For 11 teams (34%), Las Vegas was more enthusiastic than DVOA was, i.e., the books projected higher win totals. The biggest outliers here were Green Bay (10 projected wins by CG vs 7.8 by DVOA) and Houston (8.5 vs 6.5). For Green Bay, we can presume that injuries were the biggest reason for the discrepancy: in addition to Rodgers, Randall Cobb, Clay Matthews, and Casey Hayward all missed significant action. As for the Texans, my guess is that Vegas sees the Colts dropping back two wins from 2013, and the AFC South remains pretty poor.  Houston won 10 games in 2011 and 12 games a year ago, and now faces a pretty easy schedule (the rest of the division, Buffalo, Oakland, the AFC North and NFC East; note that last year, Houston had to face the AFC West, NFC West, New England, and Baltimore.) The Texans were also just 2-9 in games decided by seven or fewer points, a trend that is unlikely to continue.

For the remaining 13 teams (41%), Las Vegas projected fewer wins than DVOA. The two standouts in this category were Arizona (7.0 vs 8.6) and St. Louis (6.5 vs 8.0). As we’ll get to later, CG and Football Outsiders are in considerable disagreement about the fortunes of the NFC West teams.

In some cases, the borderline playoff teams are the most interesting to analyze. There were four teams that DVOA had at sub-.500 that the linemakers have in playoff contention: Green Bay, Houston, Pittsburgh (9.0 vs 7.7) and Baltimore (8.5 vs 7.3). Arizona was the only team in the opposite situation, where Las Vegas projects a losing record despite the DVOA estimates pointing towards a winning record.

The table below shows the numbers for all 32 teams. The Packers had 8.5 wins in 2013, Vegas has set Green Bay’s 2014 wins total at 10.0, and DVOA projects the Packers at 7.8 wins. Therefore, Vegas is 2.2 wins higher on Green Bay than DVOA, Vegas is 1.5 wins higher on Green Bay than the Packers’ 2013 result, and DVOA expects 0.7 fewer wins from Green Bay this year. [click to continue…]


Take heart, Browns fans: there was a 50% chance Cleveland would recover this

Take heart, Browns fans: there was a 50% chance Cleveland would recover this fumble.

There are few statistics more random in all of sports than fumble recoveries. When a football is on the ground, it’s not the case that better teams are more likely to fall on the ball than bad teams: in the NFL, recovering fumbles is nearly all luck and little skill. This is a fact widely accepted by all statisticians, but I figured I would still crunch the numbers just to confirm.

I looked at all teams from 1990 to 2012. First, I looked at fumble recovery rates for teams on their own fumbles. The correlation coefficient between fumble recovery rate in Year N and fumble recovery rate in Year N+1 was 0.00. In other words, there is simply no correlation between fumble recovery rates from year to year. Nada. Zilch. (Of course, fumble recovery rates do vary by type, but that appears to be muted when analyzing fumbles in the aggregate.)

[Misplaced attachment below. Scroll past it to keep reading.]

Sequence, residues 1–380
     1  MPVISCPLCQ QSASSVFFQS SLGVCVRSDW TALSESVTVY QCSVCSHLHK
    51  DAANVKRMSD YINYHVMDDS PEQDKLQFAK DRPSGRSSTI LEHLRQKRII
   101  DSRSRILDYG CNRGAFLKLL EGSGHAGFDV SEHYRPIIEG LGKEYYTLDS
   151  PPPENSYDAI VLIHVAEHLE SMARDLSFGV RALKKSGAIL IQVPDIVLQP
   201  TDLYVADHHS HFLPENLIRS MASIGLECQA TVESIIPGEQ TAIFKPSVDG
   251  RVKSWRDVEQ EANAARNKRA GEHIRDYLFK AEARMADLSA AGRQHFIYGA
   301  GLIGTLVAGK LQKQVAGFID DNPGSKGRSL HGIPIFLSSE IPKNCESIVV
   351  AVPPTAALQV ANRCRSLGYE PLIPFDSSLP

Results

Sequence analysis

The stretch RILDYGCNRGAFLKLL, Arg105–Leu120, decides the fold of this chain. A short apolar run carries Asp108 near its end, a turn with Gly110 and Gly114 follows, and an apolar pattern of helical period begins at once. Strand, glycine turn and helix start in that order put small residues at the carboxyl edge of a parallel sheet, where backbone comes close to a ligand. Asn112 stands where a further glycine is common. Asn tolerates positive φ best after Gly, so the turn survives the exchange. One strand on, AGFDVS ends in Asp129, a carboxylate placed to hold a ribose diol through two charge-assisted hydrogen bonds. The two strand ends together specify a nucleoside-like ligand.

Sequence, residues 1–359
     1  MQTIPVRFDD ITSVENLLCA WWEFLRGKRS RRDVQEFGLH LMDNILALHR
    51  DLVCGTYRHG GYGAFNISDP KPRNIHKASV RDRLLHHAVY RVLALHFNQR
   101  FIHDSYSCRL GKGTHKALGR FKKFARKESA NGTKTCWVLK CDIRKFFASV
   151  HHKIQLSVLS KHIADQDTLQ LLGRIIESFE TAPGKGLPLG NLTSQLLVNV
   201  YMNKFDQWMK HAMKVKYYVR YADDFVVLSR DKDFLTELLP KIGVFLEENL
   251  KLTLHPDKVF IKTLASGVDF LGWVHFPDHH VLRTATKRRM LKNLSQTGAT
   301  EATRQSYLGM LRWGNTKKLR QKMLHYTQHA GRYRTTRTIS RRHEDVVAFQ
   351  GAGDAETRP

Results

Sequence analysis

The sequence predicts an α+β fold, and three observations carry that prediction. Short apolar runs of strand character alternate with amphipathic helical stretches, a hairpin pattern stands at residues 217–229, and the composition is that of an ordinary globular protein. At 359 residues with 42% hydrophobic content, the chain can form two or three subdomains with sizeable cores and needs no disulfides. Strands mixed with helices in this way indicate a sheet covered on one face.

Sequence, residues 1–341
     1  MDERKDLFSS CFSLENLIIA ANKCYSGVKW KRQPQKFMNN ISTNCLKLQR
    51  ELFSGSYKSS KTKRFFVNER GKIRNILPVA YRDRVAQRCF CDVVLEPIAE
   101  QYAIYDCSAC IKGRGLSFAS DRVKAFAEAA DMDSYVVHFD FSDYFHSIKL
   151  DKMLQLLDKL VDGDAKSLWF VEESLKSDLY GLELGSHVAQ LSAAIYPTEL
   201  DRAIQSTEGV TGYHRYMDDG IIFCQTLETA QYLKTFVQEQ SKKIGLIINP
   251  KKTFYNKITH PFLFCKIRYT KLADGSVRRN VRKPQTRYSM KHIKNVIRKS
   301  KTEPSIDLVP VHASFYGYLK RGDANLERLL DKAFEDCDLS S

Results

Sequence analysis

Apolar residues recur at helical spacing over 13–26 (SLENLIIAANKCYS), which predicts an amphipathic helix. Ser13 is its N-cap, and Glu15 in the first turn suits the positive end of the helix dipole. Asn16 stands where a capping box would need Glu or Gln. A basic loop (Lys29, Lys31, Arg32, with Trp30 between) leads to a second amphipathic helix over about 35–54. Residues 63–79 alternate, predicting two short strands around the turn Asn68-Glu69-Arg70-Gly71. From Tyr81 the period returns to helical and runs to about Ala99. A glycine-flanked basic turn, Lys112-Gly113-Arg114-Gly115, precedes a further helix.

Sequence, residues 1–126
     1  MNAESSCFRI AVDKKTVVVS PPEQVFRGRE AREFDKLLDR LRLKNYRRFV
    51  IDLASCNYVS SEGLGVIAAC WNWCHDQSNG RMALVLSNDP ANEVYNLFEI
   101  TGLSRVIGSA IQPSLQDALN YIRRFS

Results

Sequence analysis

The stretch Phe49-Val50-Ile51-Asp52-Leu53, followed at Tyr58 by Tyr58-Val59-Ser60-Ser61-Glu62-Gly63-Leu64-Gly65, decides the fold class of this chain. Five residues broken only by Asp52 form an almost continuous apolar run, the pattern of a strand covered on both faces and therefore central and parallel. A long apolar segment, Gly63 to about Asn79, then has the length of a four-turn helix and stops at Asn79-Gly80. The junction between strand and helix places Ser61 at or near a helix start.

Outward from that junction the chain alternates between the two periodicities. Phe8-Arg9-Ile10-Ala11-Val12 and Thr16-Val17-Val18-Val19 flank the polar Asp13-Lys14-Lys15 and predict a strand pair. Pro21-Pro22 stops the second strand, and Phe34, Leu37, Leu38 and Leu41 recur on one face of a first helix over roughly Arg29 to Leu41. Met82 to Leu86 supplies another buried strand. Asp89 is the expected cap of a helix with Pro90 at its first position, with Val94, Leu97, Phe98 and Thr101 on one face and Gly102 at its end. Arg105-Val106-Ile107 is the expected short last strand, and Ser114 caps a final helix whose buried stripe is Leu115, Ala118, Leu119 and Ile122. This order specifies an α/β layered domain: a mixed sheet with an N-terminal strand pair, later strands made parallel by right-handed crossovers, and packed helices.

I then looked at fumble recovery rates for teams on their opponent’s fumbles. The correlation coefficient there from year-to-year was -0.02. In other words, there is simply no correlation between recovering your opponent’s fumbles in one year and the next. The best way to predict each team’s fumble recovery rate is to simply project teams to recover about half of all their fumbles.1 If words like regression cause your eyes to roll over, consider this: from 1990 to 2012, the top 20 teams in fumble recovery rate recovered 75.4% of their own fumbles; the following year, they recovered 50.4% of their own fumbles.

With that disclaimer out of the way, who were the best and worst teams at recovering fumbles in 2013? Let me walk through the Cowboys as an example. Last year, Dallas fumbled on offense 18 times, and lost 8 of them. Based on the league-wide average 47.6% recovery rate last year, the Cowboys lost 0.6 fewer fumbles than expected (a negative number here means the team did not lose as many fumbles as they “should” have). Cowboys opponents fumbled 16 times and lost 13 of them; as a result, Dallas recovered 5.4 more fumbles than we would have expected. Overall, this means the Cowboys recovered 6.0 more fumbles than expected, the highest number from last season; overall, on the 31 fumbles in Cowboys games, Dallas recovered 67.6% of them. [click to continue…]

  1. Actually, the best number is usually just shy of fifty percent. []

The Best 40-Yard Dash Times since 1999

A month ago, I looked Jadeveon Clowney’s impressive time in the 40-yard dash. In that post, I argued that all 40-yard times must be adjusted for weight. Well, thanks to the good folks at NFLSavant.com, 40-yard dash times are available for many players going back to 1999. Which made me wonder: which players have posted the best and worst times after adjusting for weight?

After playing around with the data, I noticed that two other variables were correlated with 40-yard dash times: height and year. The best way to explain the relationship is through the best-fit linear regression formula, which is: